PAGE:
No. 35: “Mar adentro” (2004)

“A life without freedom is not a life.”
~~Ramón Sampedro

There is an impulse, very human and universal, to tend to wounds as we discover them: to salve the burns, clean and stitch the gashes, soothe the scrapes. This impulse extends to our reaction to people who want nothing more than to die; we must coax them away from the edge and convince them of them of life’s welcoming beauty. “There is so much to live for,” we insist, feeling a sense of urgency frightening because it makes us wonder if there’s conviction or just convention behind it.

This is the rocky terrain that director/screenwriter Alejandro Amenábar carefully but adeptly navigates in “Mar adentro,”* winner of the 2004 Oscar for Best Foreign Film. His haunting, difficult film centers on the true story of Galicia-born Ramón Sampedro (Javier Bardem, displaying astonishing warmth and humor), a quadriplegic who spent nearly three decades arguing for his right to assisted suicide. Paralyzed by a botched cliff dive at age 25, Ramón did not accept his condition as people wanted. Instead, he spent his remaining years of his life sure of just one thing: he wanted to end it. Ramón’s yearning for death flew in the face of everyone’s unspoken expectations — that he accept his reality bravely, that he press on because that’s what people do. He did not react accordingly; Ramón challenged people to consider, really consider, the cruelty of forcing him to keep living when all he wanted was to die.

Without the right director and lead actor, a man like Ramón Sampedro might not translate to the screen, or seem too much like a martyr than an actual human being. Amenábar, in his beautifully lensed and poignantly written film, sidesteps these dangers by honing in on Ramón’s very personal story and his relationships with his family and friends. And that’s where Bardem’s talent comes in: The actor creates a perceptive, funny, deeply felt character using only his eyes and his facial expressions and his voice. Though it’s the extraordinary, Oscar-nominated make-up artistry that ages him, it’s Bardem who makes Ramón so much more than a tragic figure. He plays Ramón years after the accident that rendered his limbs useless, now living in Galicia with his brother José (Celso Bugallo), José’s wife Manuela (Mabel Rivera), who serves as Ramón’s caregiver, and their father Joaquín (Joan Dalmau). Ramón believes himself a burden to Manuela and his family, though he tries to conceal that with humor. Sometimes he lets the truth slip out. “When you can’t escape, and you constantly rely on everyone else, you learn to cry by smiling, you know?” he explains. He also upbraids a priest (Josep Maria Pou) armed with a Bible and a cache of trite platitudes.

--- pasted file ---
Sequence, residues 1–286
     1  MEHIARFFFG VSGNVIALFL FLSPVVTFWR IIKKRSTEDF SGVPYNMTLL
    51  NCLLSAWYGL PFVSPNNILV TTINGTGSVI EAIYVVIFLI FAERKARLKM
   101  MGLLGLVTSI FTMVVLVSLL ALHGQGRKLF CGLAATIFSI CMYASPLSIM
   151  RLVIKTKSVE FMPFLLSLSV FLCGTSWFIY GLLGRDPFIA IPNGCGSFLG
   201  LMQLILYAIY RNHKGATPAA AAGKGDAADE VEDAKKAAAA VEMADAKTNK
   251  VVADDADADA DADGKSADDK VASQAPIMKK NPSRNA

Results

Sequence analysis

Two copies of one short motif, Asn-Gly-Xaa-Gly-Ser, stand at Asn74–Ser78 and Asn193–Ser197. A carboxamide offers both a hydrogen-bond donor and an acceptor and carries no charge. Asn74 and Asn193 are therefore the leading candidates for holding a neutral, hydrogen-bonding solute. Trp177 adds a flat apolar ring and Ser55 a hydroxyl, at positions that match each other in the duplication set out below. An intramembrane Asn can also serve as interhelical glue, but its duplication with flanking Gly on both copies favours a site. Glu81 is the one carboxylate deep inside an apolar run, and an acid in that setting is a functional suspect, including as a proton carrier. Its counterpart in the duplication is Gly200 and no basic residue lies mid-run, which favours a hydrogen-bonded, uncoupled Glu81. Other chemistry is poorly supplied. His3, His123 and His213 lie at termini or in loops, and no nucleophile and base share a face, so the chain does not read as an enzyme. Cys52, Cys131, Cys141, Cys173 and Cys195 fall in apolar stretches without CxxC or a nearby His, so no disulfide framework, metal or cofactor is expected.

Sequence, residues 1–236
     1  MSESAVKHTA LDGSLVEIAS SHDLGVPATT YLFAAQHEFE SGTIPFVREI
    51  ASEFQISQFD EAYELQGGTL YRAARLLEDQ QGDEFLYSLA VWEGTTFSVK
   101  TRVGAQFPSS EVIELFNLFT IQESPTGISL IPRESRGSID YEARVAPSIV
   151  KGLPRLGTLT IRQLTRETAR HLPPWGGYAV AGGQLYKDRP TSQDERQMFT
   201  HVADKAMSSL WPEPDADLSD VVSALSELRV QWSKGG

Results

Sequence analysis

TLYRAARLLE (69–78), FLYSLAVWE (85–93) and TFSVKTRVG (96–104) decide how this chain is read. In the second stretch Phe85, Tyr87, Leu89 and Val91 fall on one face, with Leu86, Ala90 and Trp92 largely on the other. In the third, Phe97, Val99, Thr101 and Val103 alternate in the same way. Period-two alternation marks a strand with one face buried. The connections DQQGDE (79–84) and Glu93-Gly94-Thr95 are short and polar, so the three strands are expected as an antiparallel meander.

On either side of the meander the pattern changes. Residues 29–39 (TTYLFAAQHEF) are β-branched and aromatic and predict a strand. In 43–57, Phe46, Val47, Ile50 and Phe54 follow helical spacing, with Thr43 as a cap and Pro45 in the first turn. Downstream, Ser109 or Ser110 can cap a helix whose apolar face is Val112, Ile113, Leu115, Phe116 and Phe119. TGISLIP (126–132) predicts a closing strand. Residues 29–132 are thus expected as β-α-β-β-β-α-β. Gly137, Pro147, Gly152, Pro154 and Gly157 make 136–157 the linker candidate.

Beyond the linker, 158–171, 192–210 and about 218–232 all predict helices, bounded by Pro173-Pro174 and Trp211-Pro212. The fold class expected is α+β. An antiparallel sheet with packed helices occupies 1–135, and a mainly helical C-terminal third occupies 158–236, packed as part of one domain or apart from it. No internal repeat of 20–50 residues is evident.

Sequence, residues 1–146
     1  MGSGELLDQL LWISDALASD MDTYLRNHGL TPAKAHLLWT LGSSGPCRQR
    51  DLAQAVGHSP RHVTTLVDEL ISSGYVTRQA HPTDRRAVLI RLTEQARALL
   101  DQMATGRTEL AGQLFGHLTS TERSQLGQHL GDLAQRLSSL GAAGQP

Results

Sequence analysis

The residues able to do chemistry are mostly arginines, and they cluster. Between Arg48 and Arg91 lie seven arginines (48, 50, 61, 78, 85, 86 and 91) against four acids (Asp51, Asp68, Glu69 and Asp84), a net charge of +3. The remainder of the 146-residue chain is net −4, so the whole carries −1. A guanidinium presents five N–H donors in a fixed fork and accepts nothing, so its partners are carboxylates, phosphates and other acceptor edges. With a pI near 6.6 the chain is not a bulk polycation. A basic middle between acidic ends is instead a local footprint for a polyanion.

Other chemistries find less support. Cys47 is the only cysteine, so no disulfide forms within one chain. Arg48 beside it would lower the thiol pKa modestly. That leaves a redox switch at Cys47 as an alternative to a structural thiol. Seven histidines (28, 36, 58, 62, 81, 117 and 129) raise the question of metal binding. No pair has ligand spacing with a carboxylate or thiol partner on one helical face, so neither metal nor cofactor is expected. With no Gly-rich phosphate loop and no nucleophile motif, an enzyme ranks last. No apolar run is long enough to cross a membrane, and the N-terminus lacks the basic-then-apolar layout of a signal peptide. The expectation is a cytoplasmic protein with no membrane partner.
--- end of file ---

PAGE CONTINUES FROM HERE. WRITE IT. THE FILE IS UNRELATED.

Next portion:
In lobbying for his right to euthanasia, Ramón locates a pro-freedom of choice organization to back his case and meets with a supportive lawyer, Julia (Belén Rueda, controlled but powerful), who is facing her own uncertain future of disability and dependency on caregivers. Ramón also touches the life of Rosa (the more emotive Lola Dueñas), a damaged woman who sees a kindness in Ramón she wants to save. Ramón’s relationship with these women is the soul of “Mar adentro,” and while there are elements of romance Amenábar keeps the film from straying into a melodrama overstuffed with grand proclamations about the redemptive powers of love and the value of life. He doesn’t force this angle; rather, Amenábar structures “Mar adentro” as a heartrending tale of Ramón’s struggle and the ways he changes Julia and Rosa’s lives. Each comes to love him, and each comes to understand that she cannot will him to live. All he asks is that both women accept him as he is; only one has the strength to do so.

Bardem intuits this about Ramón, his longing for a love great enough to set him free, and communicates churning oceans of meaning with his eyes and his expressions. This a performance of depth and feeling that defies explanation; it is magnetic and challenging and commanding. If we cannot agree with Ramón’s choice, Bardem ensures we see and understand his reasons. He makes us feel the despair of a life lived on everyone else’s terms.

*”Out to sea,” not “The Sea Inside,” the misleading English title

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9 Responses

  1. This movie has been sitting on my desk for a month or so now … glad to know it’s more than worth a watch.

  2. Not to get political…but here I go. No one should be able to tell anyone when they are allowed to die.

  3. Ooooh we LOVE Javier, we’ll have to see this!

    • @ Marshall — It’s one of those movies that challenges your worldview. It might even change your life.

      @ Fitz — YES! You hit on the whole point of the film, which is that life is a right and not an obligation.

      @ Obsessed — The whole reason I watched this in the first place was Javier, and he did NOT let me down. He melts my Haagen Dazs AND he sure can act.

  4. What an excellent film, and next to his excellent turn in Before Night Falls this is probably Javier’s best.

    You should check out Amenbar’s Agora when it comes out. It’s quite good.

    • The thing I really like about Javier is the way he brings humor to characters you wouldn’t expect to have any. It’s always a nice surprise.

  5. Just put this in my Netflix queue. Pumped.

    • Great! I was very surprised at how funny this movie is — I went in expecting melodrama, lots of tears, but “Mar adentra” actually is rather life-affirming.

  6. […] “Mar adentro” (full review) — Is it possible to make a film about a quadriplegic (Javier Bardem) who wants […]

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